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muparser - Fast Math Parser Library

Version 2.2.5


Defining parser variables

Custom variables can be defined either explicit in the code by using the DefineVar function or implicit by the parser. Implicit declaration will call a variable factory function provided by the user. The parser is never the owner of its variables. So you must take care of their destruction in case of dynamic allocation. The general idea is to bind every parser variable to a C++ variable. For this reason, you have to make sure the C++ variable stays valid as long as you process a formula that needs it. Only variables of type double are supported.

Explicitely defining variables

Explicitely in this context means you have to do add the variables manually it in your application code. So you must know in advance which variables you intend to use. If this is not the case have a look at the section on Implicit creation of new variables.
warning Defining new Variables will reset the parser bytecode. Do not use this function just for changing the values of variables! It would dramatically reduce the parser performance! Once the parser knows the address of the variable there is no need to explicitely call a function for changing the value. Since the parser knows the address it knows the value too so simply change the C++ variable in your code directly!

[DLL interface]

The first parameter is a valid parser handle, the second the variable name and the third a pointer to the associated C++ variable.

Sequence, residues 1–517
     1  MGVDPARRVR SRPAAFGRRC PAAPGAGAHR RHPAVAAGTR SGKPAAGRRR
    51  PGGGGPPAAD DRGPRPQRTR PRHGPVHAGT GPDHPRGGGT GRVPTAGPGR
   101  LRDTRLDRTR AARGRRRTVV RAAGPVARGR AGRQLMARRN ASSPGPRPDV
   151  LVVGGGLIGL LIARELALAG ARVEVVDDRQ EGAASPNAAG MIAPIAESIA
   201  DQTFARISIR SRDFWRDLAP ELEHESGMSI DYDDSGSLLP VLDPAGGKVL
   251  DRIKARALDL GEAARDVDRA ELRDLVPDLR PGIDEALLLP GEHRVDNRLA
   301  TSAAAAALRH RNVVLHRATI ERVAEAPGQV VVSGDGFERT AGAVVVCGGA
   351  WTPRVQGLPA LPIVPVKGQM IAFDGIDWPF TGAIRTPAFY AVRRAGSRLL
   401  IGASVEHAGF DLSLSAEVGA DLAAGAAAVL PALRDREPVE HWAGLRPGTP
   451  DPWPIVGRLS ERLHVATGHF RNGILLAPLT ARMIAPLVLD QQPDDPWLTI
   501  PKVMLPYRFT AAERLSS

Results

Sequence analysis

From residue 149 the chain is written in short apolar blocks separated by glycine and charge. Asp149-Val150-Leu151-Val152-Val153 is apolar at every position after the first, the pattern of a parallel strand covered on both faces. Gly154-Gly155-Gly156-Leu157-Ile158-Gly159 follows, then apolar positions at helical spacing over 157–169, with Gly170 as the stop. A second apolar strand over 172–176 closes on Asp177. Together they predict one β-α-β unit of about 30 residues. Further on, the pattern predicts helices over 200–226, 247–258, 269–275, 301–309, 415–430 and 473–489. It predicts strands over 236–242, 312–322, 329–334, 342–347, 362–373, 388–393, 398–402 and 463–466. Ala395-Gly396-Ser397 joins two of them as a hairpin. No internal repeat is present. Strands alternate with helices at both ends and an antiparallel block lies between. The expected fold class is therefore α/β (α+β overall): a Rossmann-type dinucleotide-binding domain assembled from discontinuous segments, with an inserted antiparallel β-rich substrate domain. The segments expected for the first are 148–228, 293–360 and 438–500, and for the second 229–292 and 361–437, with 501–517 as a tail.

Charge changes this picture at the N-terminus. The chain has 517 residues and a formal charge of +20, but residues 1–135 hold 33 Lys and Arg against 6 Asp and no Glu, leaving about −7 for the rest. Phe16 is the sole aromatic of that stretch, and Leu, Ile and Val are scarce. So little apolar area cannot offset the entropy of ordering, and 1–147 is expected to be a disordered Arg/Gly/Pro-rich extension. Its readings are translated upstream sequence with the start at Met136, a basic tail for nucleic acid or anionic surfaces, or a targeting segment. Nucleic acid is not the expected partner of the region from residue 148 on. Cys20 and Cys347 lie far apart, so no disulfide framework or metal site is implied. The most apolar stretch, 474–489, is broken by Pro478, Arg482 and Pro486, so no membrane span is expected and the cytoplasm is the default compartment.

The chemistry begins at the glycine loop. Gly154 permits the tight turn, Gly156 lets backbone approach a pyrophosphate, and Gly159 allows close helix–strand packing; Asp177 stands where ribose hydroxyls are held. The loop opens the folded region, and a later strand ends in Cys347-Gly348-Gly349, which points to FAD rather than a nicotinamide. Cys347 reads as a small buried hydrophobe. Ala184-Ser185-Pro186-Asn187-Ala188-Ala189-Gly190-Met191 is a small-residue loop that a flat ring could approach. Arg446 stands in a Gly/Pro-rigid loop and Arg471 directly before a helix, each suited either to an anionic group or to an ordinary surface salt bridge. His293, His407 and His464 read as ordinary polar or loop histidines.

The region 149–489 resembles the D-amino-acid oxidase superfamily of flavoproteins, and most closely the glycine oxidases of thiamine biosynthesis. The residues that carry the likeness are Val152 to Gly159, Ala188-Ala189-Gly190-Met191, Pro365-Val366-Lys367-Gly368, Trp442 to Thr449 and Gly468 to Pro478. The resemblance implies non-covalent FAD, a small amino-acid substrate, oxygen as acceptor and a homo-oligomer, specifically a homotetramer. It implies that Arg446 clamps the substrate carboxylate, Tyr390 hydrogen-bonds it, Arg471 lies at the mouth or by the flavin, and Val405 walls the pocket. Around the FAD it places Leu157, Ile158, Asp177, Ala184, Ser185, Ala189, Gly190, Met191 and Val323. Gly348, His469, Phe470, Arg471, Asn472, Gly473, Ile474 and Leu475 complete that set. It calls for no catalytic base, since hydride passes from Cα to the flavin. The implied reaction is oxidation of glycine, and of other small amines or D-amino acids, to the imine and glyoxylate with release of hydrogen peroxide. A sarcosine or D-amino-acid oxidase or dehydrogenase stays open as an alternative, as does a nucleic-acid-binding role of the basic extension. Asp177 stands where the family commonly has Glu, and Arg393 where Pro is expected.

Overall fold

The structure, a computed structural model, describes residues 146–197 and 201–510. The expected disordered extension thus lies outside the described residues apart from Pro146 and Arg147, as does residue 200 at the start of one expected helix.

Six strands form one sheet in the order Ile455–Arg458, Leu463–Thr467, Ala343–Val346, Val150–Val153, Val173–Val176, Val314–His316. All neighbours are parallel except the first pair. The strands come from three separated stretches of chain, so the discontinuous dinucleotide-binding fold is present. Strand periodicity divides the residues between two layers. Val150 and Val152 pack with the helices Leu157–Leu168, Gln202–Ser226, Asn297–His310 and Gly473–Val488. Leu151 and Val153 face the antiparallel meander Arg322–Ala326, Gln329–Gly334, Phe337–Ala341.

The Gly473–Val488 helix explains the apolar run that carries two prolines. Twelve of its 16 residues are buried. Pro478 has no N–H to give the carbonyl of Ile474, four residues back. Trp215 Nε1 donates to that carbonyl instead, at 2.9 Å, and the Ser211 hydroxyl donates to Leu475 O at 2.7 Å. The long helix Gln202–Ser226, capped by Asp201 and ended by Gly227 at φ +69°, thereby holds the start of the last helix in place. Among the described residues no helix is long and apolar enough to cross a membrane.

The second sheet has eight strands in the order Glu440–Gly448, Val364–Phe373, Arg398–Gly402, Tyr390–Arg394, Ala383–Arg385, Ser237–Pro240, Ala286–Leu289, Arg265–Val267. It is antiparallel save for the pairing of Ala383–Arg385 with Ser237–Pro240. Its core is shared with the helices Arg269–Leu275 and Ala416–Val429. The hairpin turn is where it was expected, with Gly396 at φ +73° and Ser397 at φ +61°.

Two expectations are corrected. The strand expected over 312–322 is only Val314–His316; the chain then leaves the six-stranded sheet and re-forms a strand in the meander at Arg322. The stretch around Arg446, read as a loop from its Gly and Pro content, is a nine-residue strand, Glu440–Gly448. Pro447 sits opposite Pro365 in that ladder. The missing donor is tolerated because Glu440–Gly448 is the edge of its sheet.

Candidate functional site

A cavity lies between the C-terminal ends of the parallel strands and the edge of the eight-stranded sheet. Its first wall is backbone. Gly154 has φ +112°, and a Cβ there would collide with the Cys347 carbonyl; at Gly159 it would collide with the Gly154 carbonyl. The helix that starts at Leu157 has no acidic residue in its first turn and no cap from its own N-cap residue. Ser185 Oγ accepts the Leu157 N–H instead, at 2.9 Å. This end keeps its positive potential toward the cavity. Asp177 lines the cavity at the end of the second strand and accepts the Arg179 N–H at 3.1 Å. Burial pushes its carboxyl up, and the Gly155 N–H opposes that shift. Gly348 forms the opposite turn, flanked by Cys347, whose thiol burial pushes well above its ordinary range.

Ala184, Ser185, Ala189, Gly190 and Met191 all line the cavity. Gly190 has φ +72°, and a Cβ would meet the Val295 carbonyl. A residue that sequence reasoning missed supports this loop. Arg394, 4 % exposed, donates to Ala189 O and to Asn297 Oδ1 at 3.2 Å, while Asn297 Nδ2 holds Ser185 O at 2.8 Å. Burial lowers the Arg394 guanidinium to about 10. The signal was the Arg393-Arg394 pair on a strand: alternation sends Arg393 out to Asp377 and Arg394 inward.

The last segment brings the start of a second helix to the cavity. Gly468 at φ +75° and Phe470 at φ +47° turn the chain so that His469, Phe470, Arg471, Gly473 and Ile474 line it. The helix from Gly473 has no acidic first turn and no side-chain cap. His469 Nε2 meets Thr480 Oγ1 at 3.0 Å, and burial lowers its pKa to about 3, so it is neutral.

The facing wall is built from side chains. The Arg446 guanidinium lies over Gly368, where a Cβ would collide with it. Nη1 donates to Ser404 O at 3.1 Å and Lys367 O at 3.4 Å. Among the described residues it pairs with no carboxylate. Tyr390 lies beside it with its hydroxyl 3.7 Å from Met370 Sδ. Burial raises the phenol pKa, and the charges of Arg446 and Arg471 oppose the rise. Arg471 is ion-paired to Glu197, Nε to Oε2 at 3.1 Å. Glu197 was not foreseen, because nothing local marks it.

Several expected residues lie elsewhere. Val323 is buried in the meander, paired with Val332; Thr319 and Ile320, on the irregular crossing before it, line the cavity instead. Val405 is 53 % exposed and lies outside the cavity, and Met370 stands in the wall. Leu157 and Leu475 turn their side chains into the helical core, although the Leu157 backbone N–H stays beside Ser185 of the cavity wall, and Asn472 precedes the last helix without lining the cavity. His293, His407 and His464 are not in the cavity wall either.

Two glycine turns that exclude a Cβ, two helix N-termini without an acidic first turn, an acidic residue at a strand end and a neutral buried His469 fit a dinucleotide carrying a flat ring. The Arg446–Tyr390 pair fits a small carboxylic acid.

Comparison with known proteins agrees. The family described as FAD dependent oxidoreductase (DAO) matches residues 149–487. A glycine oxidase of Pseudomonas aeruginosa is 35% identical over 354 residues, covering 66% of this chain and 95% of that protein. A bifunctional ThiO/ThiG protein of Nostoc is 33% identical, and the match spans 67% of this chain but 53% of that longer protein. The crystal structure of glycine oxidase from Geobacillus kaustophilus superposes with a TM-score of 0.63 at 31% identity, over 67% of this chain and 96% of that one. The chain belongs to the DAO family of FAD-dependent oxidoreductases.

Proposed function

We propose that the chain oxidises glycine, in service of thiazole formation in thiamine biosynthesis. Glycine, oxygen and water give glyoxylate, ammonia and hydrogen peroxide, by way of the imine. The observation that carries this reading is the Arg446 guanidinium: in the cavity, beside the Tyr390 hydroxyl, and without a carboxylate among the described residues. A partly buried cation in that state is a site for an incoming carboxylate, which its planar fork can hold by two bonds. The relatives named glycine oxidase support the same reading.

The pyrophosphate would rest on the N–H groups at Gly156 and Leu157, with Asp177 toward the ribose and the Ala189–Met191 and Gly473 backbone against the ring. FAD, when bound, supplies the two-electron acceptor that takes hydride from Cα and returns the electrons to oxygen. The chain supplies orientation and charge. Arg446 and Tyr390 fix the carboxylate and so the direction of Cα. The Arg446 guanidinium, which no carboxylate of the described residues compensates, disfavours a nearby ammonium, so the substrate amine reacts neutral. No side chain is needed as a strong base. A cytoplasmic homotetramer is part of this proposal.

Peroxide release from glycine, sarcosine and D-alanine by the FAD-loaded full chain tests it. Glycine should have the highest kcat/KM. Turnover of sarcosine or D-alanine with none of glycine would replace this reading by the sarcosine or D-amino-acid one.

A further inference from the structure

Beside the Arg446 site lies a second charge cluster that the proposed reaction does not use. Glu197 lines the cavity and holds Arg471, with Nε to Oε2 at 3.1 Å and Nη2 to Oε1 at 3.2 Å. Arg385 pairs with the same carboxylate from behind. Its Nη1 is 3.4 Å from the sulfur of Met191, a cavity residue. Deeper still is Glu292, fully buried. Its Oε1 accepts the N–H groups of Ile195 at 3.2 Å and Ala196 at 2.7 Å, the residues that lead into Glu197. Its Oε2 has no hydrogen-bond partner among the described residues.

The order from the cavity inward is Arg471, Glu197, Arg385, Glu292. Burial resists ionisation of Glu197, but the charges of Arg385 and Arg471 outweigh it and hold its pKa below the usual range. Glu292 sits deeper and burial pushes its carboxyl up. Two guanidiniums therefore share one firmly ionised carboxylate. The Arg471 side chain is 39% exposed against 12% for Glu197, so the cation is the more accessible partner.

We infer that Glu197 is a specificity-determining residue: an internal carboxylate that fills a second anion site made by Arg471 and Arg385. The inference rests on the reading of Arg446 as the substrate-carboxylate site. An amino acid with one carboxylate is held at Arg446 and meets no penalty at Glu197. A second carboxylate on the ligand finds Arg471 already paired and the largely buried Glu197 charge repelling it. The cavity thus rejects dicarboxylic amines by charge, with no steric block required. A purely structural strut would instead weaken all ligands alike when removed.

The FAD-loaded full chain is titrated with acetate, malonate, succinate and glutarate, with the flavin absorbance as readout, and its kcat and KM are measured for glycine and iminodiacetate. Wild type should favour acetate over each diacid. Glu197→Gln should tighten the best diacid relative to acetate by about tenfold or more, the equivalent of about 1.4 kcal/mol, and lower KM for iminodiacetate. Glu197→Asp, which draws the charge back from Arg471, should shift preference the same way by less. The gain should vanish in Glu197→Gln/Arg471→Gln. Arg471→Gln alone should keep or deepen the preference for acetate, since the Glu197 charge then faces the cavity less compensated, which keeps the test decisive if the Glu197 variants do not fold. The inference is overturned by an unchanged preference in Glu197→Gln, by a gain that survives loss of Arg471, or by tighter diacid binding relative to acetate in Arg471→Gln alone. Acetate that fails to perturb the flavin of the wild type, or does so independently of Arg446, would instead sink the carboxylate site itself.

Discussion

double fVal=0;
mupDefineVar(hParser, "a", &fVal);  
See also: example2/example2.c.

[Parser class interface]

The first parameter is the variable name and the second a pointer to the associated C++ variable.
double fVal=0;
parser.DefineVar("a", &fVal);
See also: example1/example1.cpp; src/muParserTest.cpp.

Implicit creation of new variables

Implicit declaration of new variables is only possible by setting a factory function. Implicit creation means that everytime the parser finds an unknown token at a position where a variable could be located it creates a new variable with that name automatically. The necessary factory function must be of type:
double* (*facfun_type)(const char*, void*)
The first argument to a factory function is the name of the variable found by the parser. The second is a pointer to user defined data. This pointer can be used to provide a pointer to a class that implements the actual factory. By doing this it is possible to use custom factory classes depending on the variable name.
warning Be aware of name conflicts! Please notice that recognizing the name of an undefined variable is the last step during parser token detection. If the potential variable name starts with identifiers that could be interpreted as a function or operator it will be detected as such most likely resulting in an syntax error.
The following code is an example of a factory function. The example does not use dynamic allocation for the new variables although this would be possible too. But when using dynamic allocation you must keep track of the variables allocated implicitely in order to free them later on.